Alcohol Consumption Tied to Sudden Infant Death Syndrome
Increases in alcohol consumption and SIDs occur on New Year's Day and weekends
FRIDAY, Dec. 31 (HealthDay News) -- Alcohol consumption among caregivers of infants appears to be associated with a higher risk of sudden infant death syndrome (SIDs), which surges on New Year's Day and increases on weekends, according to research published online Nov. 9 in Addiction.
David P. Phillips, Ph.D., of the University of California in San Diego, and colleagues evaluated 129,090 SIDS cases and 295,151 other infant deaths between 1973 and 2006 using computerized death certificates, a linked birth and infant death data set, and the Fatality Analysis Reporting System; their research also included all people involved in late-night alcohol-related crashes between 1994 and 2008.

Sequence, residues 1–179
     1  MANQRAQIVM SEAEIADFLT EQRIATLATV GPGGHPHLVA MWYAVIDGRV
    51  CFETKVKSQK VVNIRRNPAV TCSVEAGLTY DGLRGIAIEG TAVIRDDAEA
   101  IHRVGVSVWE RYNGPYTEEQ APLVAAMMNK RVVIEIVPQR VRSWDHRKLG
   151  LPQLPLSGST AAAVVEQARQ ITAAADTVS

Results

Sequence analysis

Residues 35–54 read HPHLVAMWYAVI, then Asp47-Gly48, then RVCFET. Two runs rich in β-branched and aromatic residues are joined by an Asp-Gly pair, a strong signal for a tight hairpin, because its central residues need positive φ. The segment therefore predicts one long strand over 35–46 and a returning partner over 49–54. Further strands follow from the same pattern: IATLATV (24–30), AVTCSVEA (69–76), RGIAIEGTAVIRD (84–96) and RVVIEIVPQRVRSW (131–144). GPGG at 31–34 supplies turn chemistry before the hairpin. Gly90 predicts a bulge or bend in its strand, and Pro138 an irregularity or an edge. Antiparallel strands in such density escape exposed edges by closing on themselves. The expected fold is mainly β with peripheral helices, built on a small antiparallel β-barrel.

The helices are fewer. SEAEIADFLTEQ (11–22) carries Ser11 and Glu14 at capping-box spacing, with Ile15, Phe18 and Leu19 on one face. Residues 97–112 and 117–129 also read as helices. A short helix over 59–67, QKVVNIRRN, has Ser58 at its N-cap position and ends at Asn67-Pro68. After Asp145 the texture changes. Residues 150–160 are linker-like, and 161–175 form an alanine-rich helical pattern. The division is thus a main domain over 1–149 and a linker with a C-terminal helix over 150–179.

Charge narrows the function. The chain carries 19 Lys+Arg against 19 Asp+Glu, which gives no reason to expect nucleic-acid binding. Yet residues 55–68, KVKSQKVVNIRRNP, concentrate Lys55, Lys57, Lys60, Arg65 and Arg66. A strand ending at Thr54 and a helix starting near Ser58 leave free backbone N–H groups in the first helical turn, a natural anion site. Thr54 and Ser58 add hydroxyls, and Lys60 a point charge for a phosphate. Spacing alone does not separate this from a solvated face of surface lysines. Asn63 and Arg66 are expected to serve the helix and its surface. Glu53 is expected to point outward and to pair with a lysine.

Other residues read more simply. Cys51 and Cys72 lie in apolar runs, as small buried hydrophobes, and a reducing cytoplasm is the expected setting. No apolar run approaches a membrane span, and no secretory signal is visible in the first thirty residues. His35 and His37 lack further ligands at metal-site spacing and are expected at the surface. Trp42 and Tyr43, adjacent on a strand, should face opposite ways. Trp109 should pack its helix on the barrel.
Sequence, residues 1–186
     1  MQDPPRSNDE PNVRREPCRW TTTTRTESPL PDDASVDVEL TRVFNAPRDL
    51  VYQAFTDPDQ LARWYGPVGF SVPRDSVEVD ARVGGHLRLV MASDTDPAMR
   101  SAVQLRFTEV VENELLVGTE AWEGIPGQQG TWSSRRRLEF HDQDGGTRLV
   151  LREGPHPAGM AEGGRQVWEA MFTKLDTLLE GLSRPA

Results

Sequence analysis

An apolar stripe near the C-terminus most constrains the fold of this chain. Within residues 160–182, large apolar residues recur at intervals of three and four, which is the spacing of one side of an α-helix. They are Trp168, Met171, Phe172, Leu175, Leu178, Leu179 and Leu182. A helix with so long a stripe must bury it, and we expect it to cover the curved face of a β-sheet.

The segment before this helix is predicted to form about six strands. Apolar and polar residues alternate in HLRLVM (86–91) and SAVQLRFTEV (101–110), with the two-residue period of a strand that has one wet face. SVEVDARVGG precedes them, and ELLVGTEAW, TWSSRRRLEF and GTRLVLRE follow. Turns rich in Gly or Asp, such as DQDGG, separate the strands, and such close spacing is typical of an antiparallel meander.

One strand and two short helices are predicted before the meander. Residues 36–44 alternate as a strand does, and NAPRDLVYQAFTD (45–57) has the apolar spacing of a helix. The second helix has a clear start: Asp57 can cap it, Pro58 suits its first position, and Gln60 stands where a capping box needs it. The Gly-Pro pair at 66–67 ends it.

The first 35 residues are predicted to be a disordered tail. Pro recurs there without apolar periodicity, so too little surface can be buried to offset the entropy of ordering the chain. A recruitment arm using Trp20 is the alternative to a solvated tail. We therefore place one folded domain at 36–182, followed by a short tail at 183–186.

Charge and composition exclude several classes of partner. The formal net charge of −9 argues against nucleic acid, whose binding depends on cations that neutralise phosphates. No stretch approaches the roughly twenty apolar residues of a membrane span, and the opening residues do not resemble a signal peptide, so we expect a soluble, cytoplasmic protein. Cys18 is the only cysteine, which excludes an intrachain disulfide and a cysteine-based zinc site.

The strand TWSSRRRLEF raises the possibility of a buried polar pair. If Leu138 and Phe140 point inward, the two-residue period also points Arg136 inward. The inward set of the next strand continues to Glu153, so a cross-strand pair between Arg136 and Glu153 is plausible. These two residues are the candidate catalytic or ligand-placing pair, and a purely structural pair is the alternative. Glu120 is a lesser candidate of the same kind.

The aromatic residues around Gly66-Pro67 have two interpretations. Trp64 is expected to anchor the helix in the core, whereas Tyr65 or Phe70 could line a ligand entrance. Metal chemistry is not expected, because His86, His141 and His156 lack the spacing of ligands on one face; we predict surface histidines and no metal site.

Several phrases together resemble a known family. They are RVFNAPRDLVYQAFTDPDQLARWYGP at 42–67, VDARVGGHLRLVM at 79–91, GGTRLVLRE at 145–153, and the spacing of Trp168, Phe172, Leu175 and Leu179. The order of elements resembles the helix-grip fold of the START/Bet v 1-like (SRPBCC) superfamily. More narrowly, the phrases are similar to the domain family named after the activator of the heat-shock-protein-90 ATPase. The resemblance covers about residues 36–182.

The investigators found that the largest increases in alcohol consumption and in SIDS (33 percent) occurred on New Year's Day, with alcohol consumption and SIDS also increasing significantly on weekends. In addition, children of alcohol-consuming mothers were substantially more likely to die from SIDS than were children of non-alcohol-consuming mothers.
"Alcohol consumption appears to be a risk factor for SIDS, although it is unclear whether alcohol is an independent risk factor, a risk factor only in conjunction with other known risk factors (like co-sleeping), or a proxy for other risk factors associated with occasions when alcohol consumption increases (like smoking)," the authors write.